My father has always been a stoic man, especially during some of the family’s worst times. My mother, on the other hand, was always a mountain of emotions, even when life’s most difficult experiences thickened her skin.
I’ve never been able to figure out the reasons for my father’s apparent emotional disconnect. While it has always been clear that love did not fail, the lack of expression was evident and even uncomfortable.
And this is the case in many Latino families.
We often blame ourselves for our parents’ apparent insensitivity, even when nothing could be further from the truth. We tend to feel responsible in some way for the actions of loved ones.
However, to understand the real reasons behind the repression of emotions, one must go to the cultural background, generational trauma, and hurtful experiences that, more often than not, create these protective barriers in our parents.
The trauma of the immigrant population is buried under the stress of circumstances. Threats such as lack of employment, survival with minimal resources, the pressures of single-income households, fear of deportation, loneliness, alienation by society, and minimal support can bring anyone to a place of despair.
Parents forced to face these difficult situations cannot afford to break down but instead put on a brave face to help families maintain hope and security; learning to hide emotions such as fear, doubt or shame is the ultimate sacrifice to foster a safe environment for loved ones.
Hiding vulnerability can create a distant exterior that leads others to believe there is a certain detachment.
Cultural background can also play a part in parents that are supposedly missing the expressive gene. Latino men, for example, are encouraged to be strong, courageous, and masculine. The pressures to be a “man’s man” can produce a state of disconnection, as they have to appear to have tough skin. Portraying the man in charge sometimes forces many to construct a resilient exterior, even when they don’t feel that way.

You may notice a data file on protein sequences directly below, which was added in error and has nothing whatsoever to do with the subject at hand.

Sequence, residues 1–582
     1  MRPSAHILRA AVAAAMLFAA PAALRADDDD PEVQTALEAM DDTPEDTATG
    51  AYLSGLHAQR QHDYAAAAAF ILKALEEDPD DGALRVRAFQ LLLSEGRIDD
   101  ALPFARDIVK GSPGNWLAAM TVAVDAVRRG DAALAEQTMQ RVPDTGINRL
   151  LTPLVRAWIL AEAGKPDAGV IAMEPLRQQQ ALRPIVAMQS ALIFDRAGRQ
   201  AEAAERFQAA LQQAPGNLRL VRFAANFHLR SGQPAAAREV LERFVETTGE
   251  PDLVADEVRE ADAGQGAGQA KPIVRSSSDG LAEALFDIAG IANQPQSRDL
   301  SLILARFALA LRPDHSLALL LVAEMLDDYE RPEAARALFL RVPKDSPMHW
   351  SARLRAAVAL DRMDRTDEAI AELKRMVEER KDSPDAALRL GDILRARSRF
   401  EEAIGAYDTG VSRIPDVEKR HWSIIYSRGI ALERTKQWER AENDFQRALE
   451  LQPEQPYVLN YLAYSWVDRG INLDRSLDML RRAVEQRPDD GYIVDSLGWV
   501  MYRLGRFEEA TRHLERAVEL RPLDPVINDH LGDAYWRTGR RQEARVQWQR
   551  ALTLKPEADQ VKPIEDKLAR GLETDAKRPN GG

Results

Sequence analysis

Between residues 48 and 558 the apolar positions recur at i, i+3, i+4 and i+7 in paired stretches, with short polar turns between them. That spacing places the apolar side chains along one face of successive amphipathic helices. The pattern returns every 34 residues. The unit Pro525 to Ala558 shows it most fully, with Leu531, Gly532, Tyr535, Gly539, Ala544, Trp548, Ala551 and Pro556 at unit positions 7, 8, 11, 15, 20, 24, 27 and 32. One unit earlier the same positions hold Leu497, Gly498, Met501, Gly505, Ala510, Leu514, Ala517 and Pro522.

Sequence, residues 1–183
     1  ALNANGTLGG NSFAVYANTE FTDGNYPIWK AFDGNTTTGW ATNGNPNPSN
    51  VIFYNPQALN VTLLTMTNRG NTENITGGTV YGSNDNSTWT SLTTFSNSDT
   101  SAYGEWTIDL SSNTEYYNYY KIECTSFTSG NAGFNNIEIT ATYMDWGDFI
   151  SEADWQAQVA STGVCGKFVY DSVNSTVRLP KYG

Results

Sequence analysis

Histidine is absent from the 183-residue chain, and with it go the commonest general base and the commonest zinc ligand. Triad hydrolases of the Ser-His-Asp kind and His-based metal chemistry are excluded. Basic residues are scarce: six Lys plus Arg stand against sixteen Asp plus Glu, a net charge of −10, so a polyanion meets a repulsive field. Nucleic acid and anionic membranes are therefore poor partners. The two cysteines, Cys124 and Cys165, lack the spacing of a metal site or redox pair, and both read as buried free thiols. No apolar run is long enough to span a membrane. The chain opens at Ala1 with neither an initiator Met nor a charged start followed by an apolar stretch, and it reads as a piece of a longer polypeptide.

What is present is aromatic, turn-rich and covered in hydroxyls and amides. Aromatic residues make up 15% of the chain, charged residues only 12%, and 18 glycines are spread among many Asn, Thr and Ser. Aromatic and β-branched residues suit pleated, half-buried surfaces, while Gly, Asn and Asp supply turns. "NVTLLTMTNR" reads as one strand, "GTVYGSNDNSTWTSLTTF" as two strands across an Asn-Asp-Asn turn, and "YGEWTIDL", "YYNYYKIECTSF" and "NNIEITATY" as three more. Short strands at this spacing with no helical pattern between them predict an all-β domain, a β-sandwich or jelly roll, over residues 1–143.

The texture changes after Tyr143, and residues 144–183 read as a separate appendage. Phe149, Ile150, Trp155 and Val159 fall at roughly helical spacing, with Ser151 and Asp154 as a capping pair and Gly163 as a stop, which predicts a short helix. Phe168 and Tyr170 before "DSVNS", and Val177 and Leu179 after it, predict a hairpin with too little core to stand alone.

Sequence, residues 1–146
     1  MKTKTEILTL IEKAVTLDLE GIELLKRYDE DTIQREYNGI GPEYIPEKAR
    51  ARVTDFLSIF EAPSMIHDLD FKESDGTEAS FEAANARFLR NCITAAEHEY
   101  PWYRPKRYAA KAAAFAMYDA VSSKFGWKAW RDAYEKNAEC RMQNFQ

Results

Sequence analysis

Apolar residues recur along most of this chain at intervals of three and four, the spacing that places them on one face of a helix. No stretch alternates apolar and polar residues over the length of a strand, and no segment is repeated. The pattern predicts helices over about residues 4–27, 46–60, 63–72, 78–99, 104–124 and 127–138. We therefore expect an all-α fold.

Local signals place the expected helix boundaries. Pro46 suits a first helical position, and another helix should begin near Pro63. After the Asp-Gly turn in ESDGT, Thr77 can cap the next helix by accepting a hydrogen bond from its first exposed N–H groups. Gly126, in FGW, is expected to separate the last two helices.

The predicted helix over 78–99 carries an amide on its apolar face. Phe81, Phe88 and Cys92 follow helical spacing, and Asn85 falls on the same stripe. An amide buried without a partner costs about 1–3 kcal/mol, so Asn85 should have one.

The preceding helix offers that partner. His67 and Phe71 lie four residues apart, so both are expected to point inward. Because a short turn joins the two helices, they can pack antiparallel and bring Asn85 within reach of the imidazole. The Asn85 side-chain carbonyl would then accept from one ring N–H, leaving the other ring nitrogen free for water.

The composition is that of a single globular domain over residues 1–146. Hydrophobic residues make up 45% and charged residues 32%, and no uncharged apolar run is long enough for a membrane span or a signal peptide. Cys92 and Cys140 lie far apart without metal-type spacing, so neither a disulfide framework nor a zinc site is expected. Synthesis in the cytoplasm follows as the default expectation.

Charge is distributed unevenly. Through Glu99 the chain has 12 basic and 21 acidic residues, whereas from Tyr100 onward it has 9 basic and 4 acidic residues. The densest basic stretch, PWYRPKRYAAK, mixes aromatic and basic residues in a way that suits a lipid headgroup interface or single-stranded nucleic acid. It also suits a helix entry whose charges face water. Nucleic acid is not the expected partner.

Children of insensible or “expression-less” immigrant parents have their own challenges born out of the disengagement experienced at home. Having a parent or parents unable to meet emotional needs will create deep-rooted issues that manifest later in life and relationships.
The most valuable first steps to take to break free include:
- Acknowledge the lack of support in your life, then find ways to nurture self-love and worth. Seeing the people you love for who they are and understanding limits help you with acceptance.
- Realizing that you are not at fault for parent behavior is key since carrying around that guilt is damaging and untrue. Everyone is responsible for their own actions, and children should not carry a parent’s emotional baggage.
- Make decisions that honor you. Surround yourself with the things that make you feel cared for, respected, and appreciated. Allow positive influences to enter your life to help you thrive.
Unloading trauma left by parents is by no means a simple task. Our mothers and fathers are our greatest influencers growing up. However, as you enter the age of adulthood, you gain individual power. I have learned to cultivate the good that my parents gave me and replace what does not serve me with thoughts, ideas, views that encourage me to live the best version of my life.